So you can see. Pin 13 is fading on and off I’m, not sure how easily you’d be able to see that so we’ll connect the jumper cable to pin 13 and we’ll connect that to the gate pin of the Mosfet, which is the one on the very left.. And now you can see that it’s making the 12V LED strip fade the same as pin 13 on here. And it’s, really that simple., So what’s actually happening here. Well, the negative from the battery comes through the source pin right here.. Then it drains out, through the drain, pin to the LED strip and basically we’re, connecting these two pins or opening them closing them by telling the gate ‘Hey open, close open, close …, ‘ and we’re creating the fade effect using standard PWM, So I’ll bring the camera Closer and give you a good look at what’s, actually going on here, So let’s take a closer look at what’s going on here.. You have the positive of the battery going through to the positive of the LED strip and you have the negative of the battery coming through to the source pin of the N Channel Mosfet and then it’s going out to the drain. Pin, which is the middle pin. Here and that’s going through to the LED strip.. So basically the negative is coming through here, going to the N Channel Mosfet and then going out the N Channel Mosfet. and we’re controlling when these two are connected or when it’s opened or closed by using this pin.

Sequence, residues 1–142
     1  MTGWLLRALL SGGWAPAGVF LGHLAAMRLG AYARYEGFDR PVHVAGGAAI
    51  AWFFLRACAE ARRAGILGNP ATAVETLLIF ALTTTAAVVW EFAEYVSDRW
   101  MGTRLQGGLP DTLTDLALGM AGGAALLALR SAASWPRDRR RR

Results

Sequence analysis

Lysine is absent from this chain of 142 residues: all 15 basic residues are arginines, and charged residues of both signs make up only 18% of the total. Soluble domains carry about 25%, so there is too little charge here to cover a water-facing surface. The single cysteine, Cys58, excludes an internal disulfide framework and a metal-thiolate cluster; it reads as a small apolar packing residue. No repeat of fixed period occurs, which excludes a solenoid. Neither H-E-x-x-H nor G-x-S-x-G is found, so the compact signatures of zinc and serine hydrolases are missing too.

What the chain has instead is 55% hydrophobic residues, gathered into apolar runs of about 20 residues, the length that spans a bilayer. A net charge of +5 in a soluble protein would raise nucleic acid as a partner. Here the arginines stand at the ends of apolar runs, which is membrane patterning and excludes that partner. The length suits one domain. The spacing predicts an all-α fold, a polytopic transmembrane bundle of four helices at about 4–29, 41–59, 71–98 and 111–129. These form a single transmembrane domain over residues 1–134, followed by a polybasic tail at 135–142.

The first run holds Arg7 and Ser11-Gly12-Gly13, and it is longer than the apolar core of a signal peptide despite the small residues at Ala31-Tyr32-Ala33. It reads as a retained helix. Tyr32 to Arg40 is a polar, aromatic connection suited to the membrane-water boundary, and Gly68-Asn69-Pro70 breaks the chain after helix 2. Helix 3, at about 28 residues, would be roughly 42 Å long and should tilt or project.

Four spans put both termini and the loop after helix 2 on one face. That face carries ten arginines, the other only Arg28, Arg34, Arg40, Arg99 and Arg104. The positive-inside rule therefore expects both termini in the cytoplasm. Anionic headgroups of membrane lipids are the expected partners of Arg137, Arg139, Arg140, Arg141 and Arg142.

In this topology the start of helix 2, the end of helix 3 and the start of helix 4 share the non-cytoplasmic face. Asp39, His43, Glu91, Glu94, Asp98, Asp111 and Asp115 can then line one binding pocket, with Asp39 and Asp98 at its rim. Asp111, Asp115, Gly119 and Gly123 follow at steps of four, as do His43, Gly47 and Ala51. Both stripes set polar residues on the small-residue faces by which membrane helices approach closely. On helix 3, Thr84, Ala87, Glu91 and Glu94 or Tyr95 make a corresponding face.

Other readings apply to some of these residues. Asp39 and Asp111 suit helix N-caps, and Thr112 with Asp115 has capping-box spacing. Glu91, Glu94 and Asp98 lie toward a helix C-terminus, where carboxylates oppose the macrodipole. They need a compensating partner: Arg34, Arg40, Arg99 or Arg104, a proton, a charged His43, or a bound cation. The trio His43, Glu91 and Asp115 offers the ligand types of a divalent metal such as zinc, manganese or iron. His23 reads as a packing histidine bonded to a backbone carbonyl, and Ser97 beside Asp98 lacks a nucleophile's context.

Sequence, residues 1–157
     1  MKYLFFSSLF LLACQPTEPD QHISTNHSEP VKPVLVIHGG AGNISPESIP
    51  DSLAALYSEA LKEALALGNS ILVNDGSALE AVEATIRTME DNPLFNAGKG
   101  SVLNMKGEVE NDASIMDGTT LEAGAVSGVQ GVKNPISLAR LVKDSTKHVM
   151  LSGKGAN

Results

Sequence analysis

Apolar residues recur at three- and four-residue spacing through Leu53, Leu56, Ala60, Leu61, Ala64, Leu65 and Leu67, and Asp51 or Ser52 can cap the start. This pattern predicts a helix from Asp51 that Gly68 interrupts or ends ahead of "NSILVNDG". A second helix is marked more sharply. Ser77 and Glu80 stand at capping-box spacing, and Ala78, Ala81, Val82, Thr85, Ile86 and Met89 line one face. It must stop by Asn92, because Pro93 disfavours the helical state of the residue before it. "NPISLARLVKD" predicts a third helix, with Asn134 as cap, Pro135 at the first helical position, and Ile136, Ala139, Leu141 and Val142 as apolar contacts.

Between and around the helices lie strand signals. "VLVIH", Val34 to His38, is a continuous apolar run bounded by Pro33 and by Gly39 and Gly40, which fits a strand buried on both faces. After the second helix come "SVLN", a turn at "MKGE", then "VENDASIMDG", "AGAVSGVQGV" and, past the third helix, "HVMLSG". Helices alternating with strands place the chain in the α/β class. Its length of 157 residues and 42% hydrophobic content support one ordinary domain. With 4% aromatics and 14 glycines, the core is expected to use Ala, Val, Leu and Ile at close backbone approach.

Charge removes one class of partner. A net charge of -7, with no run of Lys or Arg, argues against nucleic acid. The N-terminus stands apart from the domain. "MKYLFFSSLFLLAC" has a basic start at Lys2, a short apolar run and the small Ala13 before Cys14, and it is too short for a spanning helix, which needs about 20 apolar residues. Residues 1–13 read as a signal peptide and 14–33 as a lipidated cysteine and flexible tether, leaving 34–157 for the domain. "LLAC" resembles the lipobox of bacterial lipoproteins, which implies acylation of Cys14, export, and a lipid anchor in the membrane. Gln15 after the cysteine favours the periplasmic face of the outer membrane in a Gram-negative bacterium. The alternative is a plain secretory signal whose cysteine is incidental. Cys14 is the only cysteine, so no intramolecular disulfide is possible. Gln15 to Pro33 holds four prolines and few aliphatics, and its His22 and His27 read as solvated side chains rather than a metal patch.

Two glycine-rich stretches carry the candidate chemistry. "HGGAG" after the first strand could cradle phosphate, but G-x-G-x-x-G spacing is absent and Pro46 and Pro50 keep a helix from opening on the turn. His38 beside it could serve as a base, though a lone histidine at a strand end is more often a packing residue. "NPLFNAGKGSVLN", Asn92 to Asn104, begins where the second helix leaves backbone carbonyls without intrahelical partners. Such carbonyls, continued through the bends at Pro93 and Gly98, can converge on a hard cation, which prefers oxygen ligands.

Here, which is the gate, pin and that’s connected to the Arduino via pin 13 here., and because we have the fade sketch on pin 13 when it fades, pin 13 it’s. Sending that signal to the Mosfet, which is then opening and closing this connection very fast and that’s creating the PWM fade right here., So you can consider it kind of like plumbing. When you tell this, pin to open it It’s going to let everything flow between these two pins and when you tell it to close, it stops it. And because it’s opening and closing it so fast, it’s, varying the amount of power that’s going through to the strip And it’s creating this nice PWM fade effect.. So I hope this video has helped. You understand how to use an N Channel. Mosfet. I’ve watched a lot of different videos, and I really found it quite confusing. It had so many wires going everywhere that I couldn’t easily understand it and I’m over simplifying things in this video, but it’s enough to actually get you up and running and then later on, you can find out enough ways. You can do things better. Now. An important thing to remember is to join the ground from your 12V power source to the ground of your Arduino.. If you don’t do that, you won’t be able to drive the Mosfet.. Now there is a difference between P Channel Mosfets and N Channel Mosfets and I’m not going to go into the difference, but basically a P Channel Mosfet is going to make your life hell and the N Channel Mosfet is going to make it super easy.